After staining with anti–CD25-PE, anti–CD4-PerCP, and anti–CD3-APC, cells were fixed and permeabilized with Fix/Perm buffer (eBioscience), washed with permeabilization buffer (eBioscience), blocked with normal rat serum, stained with anti–Foxp3-FITC (Foxp3 Staining Set, clone PCH101, eBioscience), and analyzed on a fluorescence-activated cell sorter (FACSCalibur) using CellQuest (BD Biosciences) and FlowJo (TriStar, San Carlos, CA) software.

Cloning and sequencing of Patr-class I alleles and synthesis of Patr-tetramers

Total RNA was isolated from EBV-transformed B-cell lines or from peripheral blood mononuclear cells (PBMCs) of each chimpanzee.34 First-strand cDNA synthesis and polymerase chain reaction (PCR) amplification of Patr-class I sequences were performed as previously described.34,35 PCR-amplified Patr-class I cDNA was cloned into the pGEM11Zf(+) vector (Promega, Madison, WI)35 and sequenced using primers T7, 3S, 3N, 4S, and 4N.35 Error-free Patr-inserts were subcloned into pCMV-Script (Stratagene, La Jolla, CA) and human β2-microglobulin was expressed from the plasmid pHN1-2m.22,36 Folding, purification, and biotinylation of the following Patr-tetramers was performed by the NIAID Tetramer Facility as described37: HCVcore41 (GPRLGVRAT)/Patr-B*1301, HCV-E1306 (CSIYPGHITG)/Patr-A*0401, HCV-E2542 (TRPPLGNWF)/Patr-B*1301, HCV-E2588 (KHPEATYSR)/Patr-A*0401, HCV-NS31379 (IPFYG-KAI)/Patr-B*1301, and HCV-NS31444 and (FTGDFDSVI)/Patr-B*0101.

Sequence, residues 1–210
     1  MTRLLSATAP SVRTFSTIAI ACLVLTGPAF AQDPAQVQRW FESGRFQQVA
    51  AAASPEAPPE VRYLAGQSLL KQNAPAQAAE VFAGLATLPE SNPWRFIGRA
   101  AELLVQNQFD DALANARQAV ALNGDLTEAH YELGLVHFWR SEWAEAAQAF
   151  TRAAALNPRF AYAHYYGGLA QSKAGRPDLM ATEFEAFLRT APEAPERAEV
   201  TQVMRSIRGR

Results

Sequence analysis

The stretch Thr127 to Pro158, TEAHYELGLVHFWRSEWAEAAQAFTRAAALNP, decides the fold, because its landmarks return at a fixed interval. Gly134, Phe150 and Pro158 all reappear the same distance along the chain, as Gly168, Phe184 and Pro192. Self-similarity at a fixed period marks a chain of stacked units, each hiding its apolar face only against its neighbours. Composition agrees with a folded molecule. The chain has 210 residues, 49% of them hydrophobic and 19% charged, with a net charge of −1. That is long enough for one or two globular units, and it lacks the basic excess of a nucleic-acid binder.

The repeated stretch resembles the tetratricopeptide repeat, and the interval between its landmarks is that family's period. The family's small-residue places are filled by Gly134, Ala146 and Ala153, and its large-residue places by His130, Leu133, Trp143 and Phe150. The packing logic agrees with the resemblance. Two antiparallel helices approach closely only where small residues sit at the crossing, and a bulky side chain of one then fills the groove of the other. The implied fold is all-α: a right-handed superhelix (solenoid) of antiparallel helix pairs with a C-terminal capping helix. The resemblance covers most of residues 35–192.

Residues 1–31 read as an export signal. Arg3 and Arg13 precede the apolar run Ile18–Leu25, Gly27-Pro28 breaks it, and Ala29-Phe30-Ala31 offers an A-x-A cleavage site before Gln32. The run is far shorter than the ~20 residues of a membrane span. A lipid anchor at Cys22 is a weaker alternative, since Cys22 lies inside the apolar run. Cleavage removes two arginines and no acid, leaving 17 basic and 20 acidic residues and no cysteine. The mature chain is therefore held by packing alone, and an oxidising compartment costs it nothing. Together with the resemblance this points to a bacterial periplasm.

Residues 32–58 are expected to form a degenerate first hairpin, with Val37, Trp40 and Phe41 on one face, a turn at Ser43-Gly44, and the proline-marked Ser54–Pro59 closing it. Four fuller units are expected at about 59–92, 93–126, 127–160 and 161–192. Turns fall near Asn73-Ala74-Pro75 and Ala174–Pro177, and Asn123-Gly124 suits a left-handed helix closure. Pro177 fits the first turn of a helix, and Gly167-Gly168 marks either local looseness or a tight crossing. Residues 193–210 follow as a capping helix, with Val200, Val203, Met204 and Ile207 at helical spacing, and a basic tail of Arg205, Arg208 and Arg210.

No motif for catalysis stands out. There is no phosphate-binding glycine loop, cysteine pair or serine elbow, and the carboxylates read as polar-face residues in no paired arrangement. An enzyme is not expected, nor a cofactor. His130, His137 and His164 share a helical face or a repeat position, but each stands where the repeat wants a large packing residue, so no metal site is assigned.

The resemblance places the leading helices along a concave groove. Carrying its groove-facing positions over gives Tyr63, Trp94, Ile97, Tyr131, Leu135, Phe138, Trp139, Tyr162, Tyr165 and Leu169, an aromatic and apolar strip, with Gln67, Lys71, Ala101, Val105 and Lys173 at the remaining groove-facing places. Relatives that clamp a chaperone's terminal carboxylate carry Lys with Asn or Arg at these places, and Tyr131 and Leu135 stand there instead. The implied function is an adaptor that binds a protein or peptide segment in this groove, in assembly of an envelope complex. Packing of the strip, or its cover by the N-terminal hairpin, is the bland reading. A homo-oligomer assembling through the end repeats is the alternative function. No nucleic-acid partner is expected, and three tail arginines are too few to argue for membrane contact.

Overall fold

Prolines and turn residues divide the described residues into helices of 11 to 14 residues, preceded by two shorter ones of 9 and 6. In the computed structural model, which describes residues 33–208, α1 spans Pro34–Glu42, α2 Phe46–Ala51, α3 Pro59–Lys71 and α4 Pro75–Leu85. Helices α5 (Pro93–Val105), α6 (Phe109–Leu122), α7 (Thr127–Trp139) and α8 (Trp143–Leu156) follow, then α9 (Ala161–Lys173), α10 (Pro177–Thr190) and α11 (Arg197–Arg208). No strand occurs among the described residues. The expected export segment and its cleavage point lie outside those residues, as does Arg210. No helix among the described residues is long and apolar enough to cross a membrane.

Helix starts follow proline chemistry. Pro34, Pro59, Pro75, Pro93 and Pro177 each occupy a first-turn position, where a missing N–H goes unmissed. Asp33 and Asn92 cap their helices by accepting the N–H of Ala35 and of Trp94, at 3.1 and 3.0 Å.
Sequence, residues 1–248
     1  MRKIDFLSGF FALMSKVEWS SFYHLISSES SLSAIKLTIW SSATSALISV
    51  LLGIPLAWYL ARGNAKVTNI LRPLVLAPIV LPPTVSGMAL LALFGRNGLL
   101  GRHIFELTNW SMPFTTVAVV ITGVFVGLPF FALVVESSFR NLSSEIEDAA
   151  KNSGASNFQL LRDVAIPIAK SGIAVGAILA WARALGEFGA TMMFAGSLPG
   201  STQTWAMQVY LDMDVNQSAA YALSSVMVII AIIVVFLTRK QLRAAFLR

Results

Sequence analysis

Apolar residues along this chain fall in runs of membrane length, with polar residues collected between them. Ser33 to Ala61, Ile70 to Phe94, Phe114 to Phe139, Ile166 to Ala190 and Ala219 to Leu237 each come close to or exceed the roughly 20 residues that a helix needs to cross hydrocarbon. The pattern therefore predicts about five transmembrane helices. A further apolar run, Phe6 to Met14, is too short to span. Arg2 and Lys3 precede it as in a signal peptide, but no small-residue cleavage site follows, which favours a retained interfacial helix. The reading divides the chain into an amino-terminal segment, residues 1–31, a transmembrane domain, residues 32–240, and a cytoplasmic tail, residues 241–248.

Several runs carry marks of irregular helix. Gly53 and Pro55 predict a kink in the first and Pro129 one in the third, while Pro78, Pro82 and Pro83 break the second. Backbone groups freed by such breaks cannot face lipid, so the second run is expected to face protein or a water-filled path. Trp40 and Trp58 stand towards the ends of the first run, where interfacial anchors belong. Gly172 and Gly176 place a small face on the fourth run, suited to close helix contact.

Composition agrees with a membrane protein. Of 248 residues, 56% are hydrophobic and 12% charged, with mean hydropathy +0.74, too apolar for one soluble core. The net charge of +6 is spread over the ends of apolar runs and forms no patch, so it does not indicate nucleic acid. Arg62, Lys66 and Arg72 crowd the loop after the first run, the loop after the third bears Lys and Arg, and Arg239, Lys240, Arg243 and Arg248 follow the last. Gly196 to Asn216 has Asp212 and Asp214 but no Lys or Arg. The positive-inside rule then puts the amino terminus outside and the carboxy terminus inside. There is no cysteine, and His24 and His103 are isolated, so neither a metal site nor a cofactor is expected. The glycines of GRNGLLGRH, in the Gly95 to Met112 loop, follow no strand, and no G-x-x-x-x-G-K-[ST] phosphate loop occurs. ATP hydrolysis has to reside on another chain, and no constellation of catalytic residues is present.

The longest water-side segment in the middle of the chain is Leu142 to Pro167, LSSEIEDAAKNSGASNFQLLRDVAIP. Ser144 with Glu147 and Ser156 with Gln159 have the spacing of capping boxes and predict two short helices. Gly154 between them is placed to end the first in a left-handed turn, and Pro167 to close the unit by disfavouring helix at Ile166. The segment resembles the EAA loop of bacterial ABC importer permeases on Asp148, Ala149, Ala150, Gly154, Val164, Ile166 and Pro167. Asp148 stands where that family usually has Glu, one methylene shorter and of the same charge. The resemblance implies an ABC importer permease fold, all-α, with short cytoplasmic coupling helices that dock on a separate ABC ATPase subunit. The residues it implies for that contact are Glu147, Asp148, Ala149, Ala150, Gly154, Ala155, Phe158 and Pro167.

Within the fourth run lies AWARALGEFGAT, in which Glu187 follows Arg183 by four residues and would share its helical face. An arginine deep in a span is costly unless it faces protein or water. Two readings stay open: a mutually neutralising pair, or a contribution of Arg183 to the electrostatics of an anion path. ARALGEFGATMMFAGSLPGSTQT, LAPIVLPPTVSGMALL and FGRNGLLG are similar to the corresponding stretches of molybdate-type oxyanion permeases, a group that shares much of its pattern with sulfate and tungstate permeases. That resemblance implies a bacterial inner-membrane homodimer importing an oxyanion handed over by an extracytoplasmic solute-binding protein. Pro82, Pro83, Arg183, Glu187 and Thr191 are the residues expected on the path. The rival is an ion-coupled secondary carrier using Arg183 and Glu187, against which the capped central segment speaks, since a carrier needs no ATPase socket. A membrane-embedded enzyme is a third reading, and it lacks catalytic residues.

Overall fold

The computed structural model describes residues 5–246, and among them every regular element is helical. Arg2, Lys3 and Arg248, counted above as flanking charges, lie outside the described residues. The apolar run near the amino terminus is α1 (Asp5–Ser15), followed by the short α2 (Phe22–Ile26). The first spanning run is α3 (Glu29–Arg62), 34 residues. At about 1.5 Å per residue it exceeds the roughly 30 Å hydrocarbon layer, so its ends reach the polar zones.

Patr-tetramer staining of PBMCs and T-cell lines

PBMCs were isolated via density gradient centrifugation.34 T-cell lines were established by stimulating PBMCs or CD25-depleted PBMCs with 10 μg/mL indicated HCV peptide, 10 ng/mL IL-7 (PeproTech, Rocky Hill, NJ), and 300 pg/mL IL-12 (PeproTech) for 10 to 12 days. Then, 20 U/mL IL-2 and 0.5 μg/mL IL-15 were added every 3 to 4 days. PBMCs and T-cell lines were stained with a 1:100 dilution of the respective tetramer for 20 minutes at room temperature, followed by anti–CD8-PerCP and anti–CD3-APC staining.

Isolation of PBMC subpopulations